11. 11. Word Goal: 4500 Word Count: 4432 11 point in the voyage that the overcrowding caused the most acute discomfort due to the constant need to get to the latrines. Later sleeping on deck became possible and a slightly better routine was evolved. In the early hours of December 12th 1941 a series of crashes throughout the ship announced the collapse of temporary bunks, steel uniform cases and all moveable objects were being tossed all over the place. The troops, due to lack of sleep, rose wearily. They faced what was to be the worst day of the voyage. At breakfast a particularly vicious roll of the ship caused five tables, with ninety men to collapse completely; mess tins, food, knives and forks flew in all directions and from the resulting chaos three men broke their ankles and another received a very badly cut hand. Sailing farther south, the weather eventually changed. December 20th 1941 was a swelteringly hot day. All hot water was turned off in an effort to cool the ship, but this had little effect and the lack of ventilation in a ship built for the North Atlantic made it felt. A change in convoy formation took place by the ships forming into four lines of ships, line astern. On December 21st 1941 a further change was made as the lines of ships closed to form one long single line. At 7.00 a.m. a headland loomed up out of the mist and a cutterwith pilots was seen approaching. Harold and Charlie had reached Freetown (Sierra Leone). The convoy remained in Freetown until the afternoon of Christmas day. No shore leave was authorized. Natives in their ‘bum boats’6 were selling oranges and bananas. The purchase of these fruits was forbidden.7 Native divers provided great amusement by diving for coins thrown by soldiers’ enjoying a breath of fresh air on the upper decks of the ship. On January 4th 1942 the portion of the convoy which was to call at Capetown took up station to port while the ships going to Durban, which included the ‘Duchess of Atholl’, formed up to starboard. That evening the Capetown group dropped astern and the next morning those on the ‘Duchess’ saw the South African coastline with Table Mountain clearly visible. Durban was their destination and as hot and cold water was now available all day Harold and Charlie spent time washing their personal clothes in preparation for a spell of shore leave. After a month of being cramped and crowded on a troopship, shore leave was to be a welcomed respite and pleasure. 6 Small native sail boats operatedby local tradesmen sellingtheir merchandise. 7 It is evident that theofficers didnot want their soldiers gettingsick fromeatingfruits which theywere not accustomedto.I didnot sample the taste of a banana until I was approximately13years of age.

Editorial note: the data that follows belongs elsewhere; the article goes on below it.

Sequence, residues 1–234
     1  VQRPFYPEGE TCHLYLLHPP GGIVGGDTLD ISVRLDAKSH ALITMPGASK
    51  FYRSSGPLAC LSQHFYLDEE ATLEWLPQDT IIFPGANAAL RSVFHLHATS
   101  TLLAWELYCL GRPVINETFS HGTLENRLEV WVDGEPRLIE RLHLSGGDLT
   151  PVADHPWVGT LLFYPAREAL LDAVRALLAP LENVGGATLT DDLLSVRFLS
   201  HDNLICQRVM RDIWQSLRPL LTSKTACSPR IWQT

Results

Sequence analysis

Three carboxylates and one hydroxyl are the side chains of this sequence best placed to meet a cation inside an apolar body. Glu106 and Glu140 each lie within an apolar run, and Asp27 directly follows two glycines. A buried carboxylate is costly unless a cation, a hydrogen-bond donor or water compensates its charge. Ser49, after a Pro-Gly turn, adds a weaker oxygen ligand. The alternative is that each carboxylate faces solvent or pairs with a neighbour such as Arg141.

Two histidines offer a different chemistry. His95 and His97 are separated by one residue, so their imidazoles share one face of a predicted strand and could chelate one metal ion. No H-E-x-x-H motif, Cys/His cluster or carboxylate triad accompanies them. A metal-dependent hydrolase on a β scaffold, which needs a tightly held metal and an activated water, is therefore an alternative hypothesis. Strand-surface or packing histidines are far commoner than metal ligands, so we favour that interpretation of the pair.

12. 12. Word Goal: 4500 Word Count: 4432 12 The convoy arrived off Durban at 6.30 a.m. on January 8th 1942 and the ships entered the harbor one by one with the ‘Duchess of Atholl’ berthing at 9.00 a.m. Shore leave was granted immediately and Charlie and Harold filed ashore as soon as they had been issued with their passes and some South African currency. Officers were allowed ashore at 11.30 a.m. and the other ranks being allowed ashore at 2.00 p.m. in the meantime everybody crowded on deck to see the sights. It is alleged that the ship developed a remarkable list as all ranks rushed to the ships rails to see the first women that they had seen for over a month. The next three days were spent in Durban and once again residents did their utmost to give the troops a happy time. Complete strangers took groups of men home and gave them an enjoyable respite in a family atmosphere. Others took men to the cinema, to restaurants or canteens and every car owner seemed determined on giving rides round Durban to as many soldiers as possible. This was particularly noticeable on the Saturday and Sunday when, as it seemed, all the cars in Durban lined up at a previously advertised rendezvous, and thousands of men were taken for drives to the Valley of the Thousand Hills, to the Umgeni River and to other attractive spots in the neighborhood. Others were taken to see the Snake Farm, and the monkeys along the Burman Avenue. All good things must come to an end, and end they did. On Monday January 11th 1942 it was learned that the convoy would probably sail the following day. Sail it did, and at 2.30 p.m. the s.s. Dunera steamed slowly out of harbor while every railway engine and all the ships whistled a succession of victory ‘V’s’ in final salutation. There was a fine drizzle and very bad visibility as the convoy put to sea. On January 31st (1942) it was officially announced that the destination of the regiment had been changed, and that instead of going to Singapore it would disembark in the Dutch East Indies. On February 3rd (1942) the convoy sighted land for the first time since leaving Durban and entered the Sunda Straights, passing Krakatau in the early hours of the morning. Later in the afternoon Tanjung Priok port loomed up out of the haze and the Dunera made its way slowly through a torturous channel to berth alongside the quay at 4.00 p.m. just two calendar months, to the day, since the regiment had entrained at Southend.